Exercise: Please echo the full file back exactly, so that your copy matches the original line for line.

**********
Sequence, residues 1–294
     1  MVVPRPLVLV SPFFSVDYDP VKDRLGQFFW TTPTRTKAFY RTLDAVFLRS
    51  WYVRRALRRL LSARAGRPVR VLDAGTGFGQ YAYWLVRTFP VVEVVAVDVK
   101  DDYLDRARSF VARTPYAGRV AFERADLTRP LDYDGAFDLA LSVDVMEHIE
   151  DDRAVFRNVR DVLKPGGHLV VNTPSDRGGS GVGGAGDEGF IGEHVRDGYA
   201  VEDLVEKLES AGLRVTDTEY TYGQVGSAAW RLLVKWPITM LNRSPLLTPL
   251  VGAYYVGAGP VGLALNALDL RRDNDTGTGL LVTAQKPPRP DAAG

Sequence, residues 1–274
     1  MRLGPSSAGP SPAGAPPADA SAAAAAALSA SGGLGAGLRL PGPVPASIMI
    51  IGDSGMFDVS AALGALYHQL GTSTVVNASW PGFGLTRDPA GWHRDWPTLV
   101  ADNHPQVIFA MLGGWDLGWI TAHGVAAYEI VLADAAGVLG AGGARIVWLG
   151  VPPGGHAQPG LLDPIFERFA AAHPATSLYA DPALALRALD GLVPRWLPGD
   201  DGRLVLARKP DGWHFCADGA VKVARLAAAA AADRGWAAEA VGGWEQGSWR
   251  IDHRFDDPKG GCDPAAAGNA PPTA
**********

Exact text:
Sequence, residues 1–294
     1  MVVPRPLVLV SPFFSVDYDP VKDRLGQFFW TTPTRTKAFY RTLDAVFLRS
    51  WYVRRALRRL LSARAGRPVR VLDAGTGFGQ YAYWLVRTFP VVEVVAVDVK
   101  DDYLDRARSF VARTPYAGRV AFERADLTRP LDYDGAFDLA LSVDVMEHIE
   151  DDRAVFRNVR DVLKPGGHLV VNTPSDRGGS GVGGAGDEGF IGEHVRDGYA
   201  VEDLVEKLES AGLRVTDTEY TYGQVGSAAW RLLVKWPITM LNRSPLLTPL
   251  VGAYYVGAGP VGLALNALDL RRDNDTGTGL LVTAQKPPRP DAAG

Sequence, residues 1–274
     1  MRLGPSSAGP SPAGAPPADA SAAAAAALSA SGGLGAGLRL PGPVPASIMI
    51  IGDSGMFDVS AALGALYHQL GTSTVVNASW PGFGLTRDPA GWHRDWPTLV
   101  ADNHPQVIFA MLGGWDLGWI TAHGVAAYEI VLADAAGVLG AGGARIVWLG
   151  VPPGGHAQPG LLDPIFERFA AAHPATSLYA DPALALRALD GLVPRWLPGD
   201  DGRLVLARKP DGWHFCADGA VKVARLAAAA AADRGWAAEA VGGWEQGSWR
   251  IDHRFDDPKG GCDPAAAGNA PPTA